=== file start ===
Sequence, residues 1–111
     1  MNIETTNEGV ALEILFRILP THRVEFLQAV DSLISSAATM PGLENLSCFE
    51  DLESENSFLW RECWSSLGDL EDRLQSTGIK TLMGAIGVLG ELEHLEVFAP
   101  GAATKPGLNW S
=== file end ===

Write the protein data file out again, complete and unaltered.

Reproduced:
Sequence, residues 1–111
     1  MNIETTNEGV ALEILFRILP THRVEFLQAV DSLISSAATM PGLENLSCFE
    51  DLESENSFLW RECWSSLGDL EDRLQSTGIK TLMGAIGVLG ELEHLEVFAP
   101  GAATKPGLNW S